By Lewis Jackson and Nausheen Thusoo
SYDNEY (Reuters) -Australia’s Dexus swung to its first net loss since 2009 as higher interest rates wiped nearly A$1.2 billion ($773 million) off the value of its property portfolio, but said it would not be a forced seller of real estate.
The property industry globally, and office building owners in particular, are struggling as home working and e-commerce lead tenants to reconsider floor space just as higher interest rates reduce building values and raise debt servicing costs.
Rising rates wiped A$1.18 billion off Dexus’ A$17.4 billion property portfolio and drove one of Australia’s largest office landlords to a net loss of A$752.7 million for the year ended June 30, down from a A$1.62 billion profit a year earlier.
Shares fell as much as 4.5% on Wednesday before rallying slightly to be down 3.6% an hour before the close.
Dexus sold a downtown Sydney office building in June for A$393.1 million, a 17.2% discount to valuation, one of the few high-profile recent sales in a market frozen by a standoff between sellers and buyers.
Dexus Chief Executive Darren Steinberg said forced sales were off the cards because the developer had raised enough financing from banks and a recent note issue to fund its pipeline and would only sell assets to recycle cash into higher-yielding projects.
“This market has proven to be a lot more liquid than other markets around the globe because Australia is still screening really attractively,” he told Reuters.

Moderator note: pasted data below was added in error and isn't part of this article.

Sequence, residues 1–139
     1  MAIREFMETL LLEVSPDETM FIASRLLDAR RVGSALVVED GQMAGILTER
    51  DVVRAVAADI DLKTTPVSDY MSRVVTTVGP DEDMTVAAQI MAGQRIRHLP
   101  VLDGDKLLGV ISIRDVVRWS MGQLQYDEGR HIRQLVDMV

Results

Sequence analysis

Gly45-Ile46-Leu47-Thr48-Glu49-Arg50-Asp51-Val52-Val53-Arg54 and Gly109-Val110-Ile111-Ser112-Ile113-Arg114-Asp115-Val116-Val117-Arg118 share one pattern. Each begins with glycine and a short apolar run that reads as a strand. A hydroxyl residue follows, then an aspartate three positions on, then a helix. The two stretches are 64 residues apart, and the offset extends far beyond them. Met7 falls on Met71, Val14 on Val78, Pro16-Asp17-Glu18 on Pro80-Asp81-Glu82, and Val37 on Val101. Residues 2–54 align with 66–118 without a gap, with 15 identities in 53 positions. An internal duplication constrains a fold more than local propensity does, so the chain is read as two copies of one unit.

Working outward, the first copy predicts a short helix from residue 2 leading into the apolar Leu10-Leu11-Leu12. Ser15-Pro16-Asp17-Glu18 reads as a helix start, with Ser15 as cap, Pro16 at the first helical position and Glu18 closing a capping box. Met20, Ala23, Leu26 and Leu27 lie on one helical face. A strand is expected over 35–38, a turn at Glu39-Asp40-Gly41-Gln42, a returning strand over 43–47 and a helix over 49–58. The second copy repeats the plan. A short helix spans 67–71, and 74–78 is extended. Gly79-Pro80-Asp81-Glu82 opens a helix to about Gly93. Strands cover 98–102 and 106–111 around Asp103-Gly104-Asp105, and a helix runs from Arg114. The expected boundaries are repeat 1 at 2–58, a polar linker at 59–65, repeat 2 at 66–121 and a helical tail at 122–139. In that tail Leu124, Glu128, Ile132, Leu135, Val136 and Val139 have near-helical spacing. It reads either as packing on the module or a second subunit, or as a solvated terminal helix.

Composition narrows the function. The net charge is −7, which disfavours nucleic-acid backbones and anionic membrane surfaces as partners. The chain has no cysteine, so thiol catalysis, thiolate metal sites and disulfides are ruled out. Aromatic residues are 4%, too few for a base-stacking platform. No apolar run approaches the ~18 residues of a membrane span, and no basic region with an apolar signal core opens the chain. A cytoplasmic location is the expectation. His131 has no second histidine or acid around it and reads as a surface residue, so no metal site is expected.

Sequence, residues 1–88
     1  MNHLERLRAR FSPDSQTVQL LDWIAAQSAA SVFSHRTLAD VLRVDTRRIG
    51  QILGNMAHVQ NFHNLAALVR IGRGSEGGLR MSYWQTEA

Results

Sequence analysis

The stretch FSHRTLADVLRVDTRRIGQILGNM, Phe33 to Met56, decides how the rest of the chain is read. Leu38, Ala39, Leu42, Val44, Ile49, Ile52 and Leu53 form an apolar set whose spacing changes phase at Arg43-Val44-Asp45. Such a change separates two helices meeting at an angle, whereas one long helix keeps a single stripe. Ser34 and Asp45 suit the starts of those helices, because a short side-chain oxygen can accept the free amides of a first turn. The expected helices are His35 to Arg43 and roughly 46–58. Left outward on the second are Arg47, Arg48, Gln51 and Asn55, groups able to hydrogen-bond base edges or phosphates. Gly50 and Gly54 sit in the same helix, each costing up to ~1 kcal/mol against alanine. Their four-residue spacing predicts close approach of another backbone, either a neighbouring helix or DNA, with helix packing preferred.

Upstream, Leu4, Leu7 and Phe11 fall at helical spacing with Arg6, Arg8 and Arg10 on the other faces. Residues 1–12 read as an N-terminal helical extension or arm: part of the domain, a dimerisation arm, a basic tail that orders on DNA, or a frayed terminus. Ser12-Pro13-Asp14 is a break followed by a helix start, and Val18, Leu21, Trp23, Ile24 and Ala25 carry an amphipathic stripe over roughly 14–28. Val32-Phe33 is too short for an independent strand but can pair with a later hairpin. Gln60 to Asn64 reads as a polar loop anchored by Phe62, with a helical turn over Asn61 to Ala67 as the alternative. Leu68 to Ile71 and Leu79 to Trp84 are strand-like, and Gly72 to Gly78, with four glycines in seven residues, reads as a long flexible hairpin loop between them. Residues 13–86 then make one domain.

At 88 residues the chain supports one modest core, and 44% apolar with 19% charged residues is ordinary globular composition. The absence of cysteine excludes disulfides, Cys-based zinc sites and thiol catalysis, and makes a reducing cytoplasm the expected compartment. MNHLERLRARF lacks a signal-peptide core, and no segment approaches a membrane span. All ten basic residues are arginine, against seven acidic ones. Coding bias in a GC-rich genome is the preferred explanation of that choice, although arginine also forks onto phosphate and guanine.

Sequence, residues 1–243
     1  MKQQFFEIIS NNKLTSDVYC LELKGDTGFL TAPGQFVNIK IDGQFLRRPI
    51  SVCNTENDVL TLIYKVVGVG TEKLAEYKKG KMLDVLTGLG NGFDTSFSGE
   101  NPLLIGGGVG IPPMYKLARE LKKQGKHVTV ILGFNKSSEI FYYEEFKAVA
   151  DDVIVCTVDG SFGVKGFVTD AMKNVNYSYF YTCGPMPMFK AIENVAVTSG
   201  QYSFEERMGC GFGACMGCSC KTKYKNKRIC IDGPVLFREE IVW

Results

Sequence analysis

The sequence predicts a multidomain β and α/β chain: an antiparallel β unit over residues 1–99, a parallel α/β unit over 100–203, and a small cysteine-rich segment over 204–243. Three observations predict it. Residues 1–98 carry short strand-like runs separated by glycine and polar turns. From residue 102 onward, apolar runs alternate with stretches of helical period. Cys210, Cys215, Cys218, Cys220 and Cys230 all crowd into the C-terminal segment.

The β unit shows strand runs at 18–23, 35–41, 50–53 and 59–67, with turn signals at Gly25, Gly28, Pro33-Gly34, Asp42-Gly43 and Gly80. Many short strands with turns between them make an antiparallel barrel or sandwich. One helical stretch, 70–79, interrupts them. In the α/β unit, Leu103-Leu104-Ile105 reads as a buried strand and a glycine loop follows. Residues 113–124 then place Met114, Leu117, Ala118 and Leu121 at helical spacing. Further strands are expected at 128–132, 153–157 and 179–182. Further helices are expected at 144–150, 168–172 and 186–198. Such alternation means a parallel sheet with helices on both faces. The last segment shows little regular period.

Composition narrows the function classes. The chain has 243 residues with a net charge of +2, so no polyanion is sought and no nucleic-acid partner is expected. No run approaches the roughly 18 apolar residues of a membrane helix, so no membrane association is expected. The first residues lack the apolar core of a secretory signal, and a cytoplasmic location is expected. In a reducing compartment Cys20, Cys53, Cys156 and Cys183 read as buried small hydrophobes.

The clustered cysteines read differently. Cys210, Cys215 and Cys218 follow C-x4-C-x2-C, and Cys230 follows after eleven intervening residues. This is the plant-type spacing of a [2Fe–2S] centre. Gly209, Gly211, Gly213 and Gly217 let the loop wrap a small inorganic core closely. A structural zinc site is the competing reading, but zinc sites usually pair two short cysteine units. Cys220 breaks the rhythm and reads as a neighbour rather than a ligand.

The company signed a conditional deal to sell a second Sydney office building at 1 Margaret Street for A$293.6 million last month, according to its annual report, a 16% discount to its Dec. 31 book value.
“We don’t have to sell another asset to meet any of our requirements, development or otherwise,” Steinberg told analysts on an earnings call.
The company is well-supported by its banks, he later told Reuters.
Occupancy across Dexus’ portfolio of 62 office properties was 95.9%, the company reported. Roughly a third of tenancy renewals last financial year added floor space, versus 9% of those contracting.
Dexus reported adjusted funds from operations (AFFO), which excludes valuation changes and one-off charges, of A$555 million, down 3% from a year earlier.
“Dexus has operationally outperformed the market from their higher quality portfolio, however investors will remain cautious of global office fundamentals,” Citi analysts said in a note.
($1 = 1.5521 Australian dollars)
(Reporting by Nausheen Thusoo in Bengaluru and Lewis Jackson in Sydney; Editing by Shilpi Majumdar and Jamie Freed)